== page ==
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What next for Theresa May and the Withdrawal Agreement?

More talks, no deal or a second referendum? Here are some of the possible options for the Prime Minister.

Theresa May’s tough EU summit has seen her return from Brussels without the legal alterations to the Brexit deal demanded by MPs opposed to the agreement.

As the Prime Minister considers what her next move might be, here is a look at some of the options open to her.

– More talks

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German Chancellor Angela Merkel Theresa May during a round table meeting at the EU summit (Alastair Grant/AP)

Despite fellow EU leaders rejecting her appeal for changes to the Withdrawal Agreement, the Brexit legal text, Mrs May said talks would continue over ways to win over enough MPs to pass the deal.

The EU27 have said they will do their utmost so that the backstop – intended to ensure there is no return to a hard border between Northern Ireland and the Republic – will not be needed.

While the leaders may give more (non-binding) political assurances, they have insisted they can not re-open the terms of the agreement.

With the likelihood of legal changes being made diminishing, members of Mrs May’s own Cabinet have reportedly been openly discussing alternatives.

– Cross-party alliance

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Jeremy Corbyn speaks following Theresa May’s statement in the Commons, where she delayed the “meaningful vote” on her Brexit deal (House of Commons/PA)

Facing the prospect that she will not have the support of enough of her own MPs and the DUP to pass the withdrawal agreement in its current form, Mrs May could appeal to MPs across the Commons for support.

Even though they are from rival political tribes, some opposition MPs may feel that backing the PM’s deal is a pragmatic way forward to reduce the likelihood of a no-deal Brexit, a second referendum or no Brexit at all.

Several senior Tories have encouraged the PM to open discussions with MPs outside her party, while her former policy chief, George Freeman, also encouraged her to “pivot to a cross-party Brexit Plan B”.

With Jeremy Corbyn describing her deal as “dead in the water”, Mrs May would have to hope some backbench Labour MPs are sympathetic to her cause.

– Norway for now

A softer route to EU withdrawal, which was proposed by backbencher Nick Boles and backed by some Labour MPs, would see the UK take on temporary membership of the European Economic Area (EEA) and European Free Trade Association (Efta) alongside countries like Norway and Iceland while a future trade deal is negotiated.

Efta membership would allow the UK to remain within a common market area with the EU and continue existing customs arrangements, while pulling out of common agricultural and fishing policies.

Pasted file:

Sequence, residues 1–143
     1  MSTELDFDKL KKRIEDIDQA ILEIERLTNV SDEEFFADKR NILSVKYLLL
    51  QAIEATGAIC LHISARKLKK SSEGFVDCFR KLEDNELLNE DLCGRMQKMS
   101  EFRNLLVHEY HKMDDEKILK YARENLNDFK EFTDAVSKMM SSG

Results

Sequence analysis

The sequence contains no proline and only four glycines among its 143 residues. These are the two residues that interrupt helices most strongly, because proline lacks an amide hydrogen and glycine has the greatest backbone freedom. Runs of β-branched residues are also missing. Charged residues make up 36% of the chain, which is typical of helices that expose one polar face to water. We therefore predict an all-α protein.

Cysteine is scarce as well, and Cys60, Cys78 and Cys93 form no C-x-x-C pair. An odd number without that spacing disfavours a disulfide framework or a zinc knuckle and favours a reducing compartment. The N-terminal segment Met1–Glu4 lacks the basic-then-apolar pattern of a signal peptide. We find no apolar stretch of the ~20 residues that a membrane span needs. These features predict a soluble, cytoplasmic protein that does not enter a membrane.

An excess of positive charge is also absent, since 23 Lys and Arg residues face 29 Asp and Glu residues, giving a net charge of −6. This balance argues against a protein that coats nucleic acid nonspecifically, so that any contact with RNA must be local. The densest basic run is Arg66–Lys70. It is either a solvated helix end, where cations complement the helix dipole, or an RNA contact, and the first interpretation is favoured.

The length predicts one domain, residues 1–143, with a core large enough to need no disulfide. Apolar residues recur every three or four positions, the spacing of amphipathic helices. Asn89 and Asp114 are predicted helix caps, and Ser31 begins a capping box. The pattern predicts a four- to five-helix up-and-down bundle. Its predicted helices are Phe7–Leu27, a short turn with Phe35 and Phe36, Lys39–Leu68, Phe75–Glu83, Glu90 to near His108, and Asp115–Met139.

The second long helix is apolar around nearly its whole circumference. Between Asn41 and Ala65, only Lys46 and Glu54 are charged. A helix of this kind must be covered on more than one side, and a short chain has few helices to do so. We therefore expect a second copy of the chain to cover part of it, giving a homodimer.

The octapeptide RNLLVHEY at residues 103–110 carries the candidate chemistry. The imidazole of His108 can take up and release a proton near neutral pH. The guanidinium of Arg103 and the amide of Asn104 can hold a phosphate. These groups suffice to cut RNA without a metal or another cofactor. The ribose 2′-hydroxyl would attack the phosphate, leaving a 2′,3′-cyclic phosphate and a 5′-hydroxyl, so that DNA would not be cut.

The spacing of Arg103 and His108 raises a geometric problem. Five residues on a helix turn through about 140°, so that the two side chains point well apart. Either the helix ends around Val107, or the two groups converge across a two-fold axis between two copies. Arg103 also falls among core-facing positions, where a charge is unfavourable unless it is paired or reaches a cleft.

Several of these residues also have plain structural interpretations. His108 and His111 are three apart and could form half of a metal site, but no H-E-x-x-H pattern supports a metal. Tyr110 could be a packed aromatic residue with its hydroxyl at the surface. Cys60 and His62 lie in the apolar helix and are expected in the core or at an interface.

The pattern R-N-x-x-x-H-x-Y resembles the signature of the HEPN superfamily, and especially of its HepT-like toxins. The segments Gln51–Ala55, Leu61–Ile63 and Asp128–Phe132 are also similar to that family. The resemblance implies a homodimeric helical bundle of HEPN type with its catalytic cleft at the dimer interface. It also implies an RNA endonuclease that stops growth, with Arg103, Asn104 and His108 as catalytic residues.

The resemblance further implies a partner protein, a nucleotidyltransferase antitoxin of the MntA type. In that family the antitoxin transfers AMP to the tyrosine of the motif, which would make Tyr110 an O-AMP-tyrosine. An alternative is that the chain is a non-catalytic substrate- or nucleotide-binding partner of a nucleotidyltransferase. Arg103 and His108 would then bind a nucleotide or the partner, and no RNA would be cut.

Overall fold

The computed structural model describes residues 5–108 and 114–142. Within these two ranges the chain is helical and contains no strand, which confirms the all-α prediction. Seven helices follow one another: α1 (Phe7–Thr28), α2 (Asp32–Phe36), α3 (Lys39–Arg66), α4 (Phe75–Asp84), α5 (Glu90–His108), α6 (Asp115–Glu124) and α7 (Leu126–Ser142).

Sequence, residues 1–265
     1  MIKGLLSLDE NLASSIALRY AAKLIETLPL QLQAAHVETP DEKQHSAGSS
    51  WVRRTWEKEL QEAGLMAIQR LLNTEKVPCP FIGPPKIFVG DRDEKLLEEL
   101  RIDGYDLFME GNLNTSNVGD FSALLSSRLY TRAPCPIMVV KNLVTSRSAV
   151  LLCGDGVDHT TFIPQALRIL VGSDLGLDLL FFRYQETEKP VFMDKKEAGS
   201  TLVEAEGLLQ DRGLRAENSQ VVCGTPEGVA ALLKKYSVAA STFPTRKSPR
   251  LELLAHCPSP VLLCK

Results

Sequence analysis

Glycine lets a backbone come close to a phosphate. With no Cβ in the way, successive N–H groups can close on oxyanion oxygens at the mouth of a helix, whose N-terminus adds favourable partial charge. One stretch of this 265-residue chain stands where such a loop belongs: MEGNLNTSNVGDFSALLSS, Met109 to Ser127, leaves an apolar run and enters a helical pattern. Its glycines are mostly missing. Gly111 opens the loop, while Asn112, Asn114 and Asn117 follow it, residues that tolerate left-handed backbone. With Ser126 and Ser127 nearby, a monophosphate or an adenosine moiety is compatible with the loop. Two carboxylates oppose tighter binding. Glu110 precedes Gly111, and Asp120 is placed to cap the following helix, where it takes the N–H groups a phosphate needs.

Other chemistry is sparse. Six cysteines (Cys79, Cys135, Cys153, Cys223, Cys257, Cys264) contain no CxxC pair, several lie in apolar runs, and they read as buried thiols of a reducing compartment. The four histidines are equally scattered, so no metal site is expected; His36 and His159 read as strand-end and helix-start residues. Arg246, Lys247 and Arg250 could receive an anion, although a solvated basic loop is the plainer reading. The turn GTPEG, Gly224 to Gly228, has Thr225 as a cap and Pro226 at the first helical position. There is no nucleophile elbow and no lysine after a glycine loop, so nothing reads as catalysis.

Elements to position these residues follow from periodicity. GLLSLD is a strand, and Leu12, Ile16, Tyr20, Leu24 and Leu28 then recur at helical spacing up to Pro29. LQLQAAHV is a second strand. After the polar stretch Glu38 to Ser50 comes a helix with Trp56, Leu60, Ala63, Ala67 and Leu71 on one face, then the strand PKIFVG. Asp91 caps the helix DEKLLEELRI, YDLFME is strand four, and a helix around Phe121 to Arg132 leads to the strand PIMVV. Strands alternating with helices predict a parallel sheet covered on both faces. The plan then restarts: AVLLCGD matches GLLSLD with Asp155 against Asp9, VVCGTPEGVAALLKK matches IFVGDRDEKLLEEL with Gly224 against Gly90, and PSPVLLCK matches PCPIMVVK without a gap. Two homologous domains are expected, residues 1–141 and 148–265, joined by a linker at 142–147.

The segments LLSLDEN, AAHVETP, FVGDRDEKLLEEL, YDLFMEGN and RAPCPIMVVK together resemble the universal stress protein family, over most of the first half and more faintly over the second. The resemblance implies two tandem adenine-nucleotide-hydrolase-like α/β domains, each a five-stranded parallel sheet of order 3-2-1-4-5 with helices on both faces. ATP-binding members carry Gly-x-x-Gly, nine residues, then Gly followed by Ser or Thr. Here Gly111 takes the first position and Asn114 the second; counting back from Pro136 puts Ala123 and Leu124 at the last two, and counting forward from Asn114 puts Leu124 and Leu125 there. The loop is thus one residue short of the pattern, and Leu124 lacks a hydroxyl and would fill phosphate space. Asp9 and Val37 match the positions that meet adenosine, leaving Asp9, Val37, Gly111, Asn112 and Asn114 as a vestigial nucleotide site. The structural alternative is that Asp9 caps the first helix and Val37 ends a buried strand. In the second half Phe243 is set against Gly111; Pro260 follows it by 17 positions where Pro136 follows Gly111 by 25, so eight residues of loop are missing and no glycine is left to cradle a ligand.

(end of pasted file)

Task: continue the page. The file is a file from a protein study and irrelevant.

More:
It would solve the border problem with Ireland, but critics say it would mean accepting freedom of movement for EU citizens.

– No deal

The staunchest Brexiteers, like Jacob Rees-Mogg and John Redwood, say Britain has nothing to fear from EU withdrawal without a deal.

This would involve the UK falling back on World Trade Organisation rules which provide baseline requirements for tariff and customs arrangements between countries outside trading blocs like the EU.

Critics say this would result in high tariffs on many goods and exclusion from existing Europe-wide systems in areas such as aviation, food safety and credit card payments, with a damaging impact on the UK economy.

But advocates of no deal insist the UK could offer low- or zero-tariff trade to partners and benefit from swift free-trade agreements around the world while saving the £39 billion “divorce” payment to the EU.

– Second referendum

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Members of the public march in support of the People’s Vote campaign in Liverpool (Peter Byrne/PA)

Supporters of the People’s Vote campaign want a referendum on any withdrawal deal – or no deal – with the option of remaining in the EU on the ballot paper.

They argue that voters in the 2016 referendum which delivered a 52%-48% majority for Leave did not have the full information about what Brexit would involve, and should have a chance to make a decision based on a clearer understanding of the terms on offer.

EU leaders have indicated they would be happy to accept Britain staying on as a member, and campaigners hope Brussels would be willing to put the Brexit process on hold to give time for a public vote to be held, probably in late spring.

Opponents of a second referendum warn that faith in democracy will be undermined if the Government does not deliver on the outcome of what was the UK’s largest-ever ballot.

– Extend Article 50

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Theresa May signs the Article 50 letter (Christopher Furlong/PA)

The letter which triggered the process for Britain leaving the EU was delivered on March 29 2017, starting a two-year process of departure.

Mrs May alluded to the extension of Article 50 when faced with a vote of no confidence, saying any successor’s first job would be to delay Brexit, but any agreement to lengthen the process would have to be agreed unanimously.

Equally, the European Court of Justice ruled this week that Britain could rescind Article 50 if it wanted, however it is unclear whether Mrs May would receive political backing for such a move without taking the idea to the electorate.

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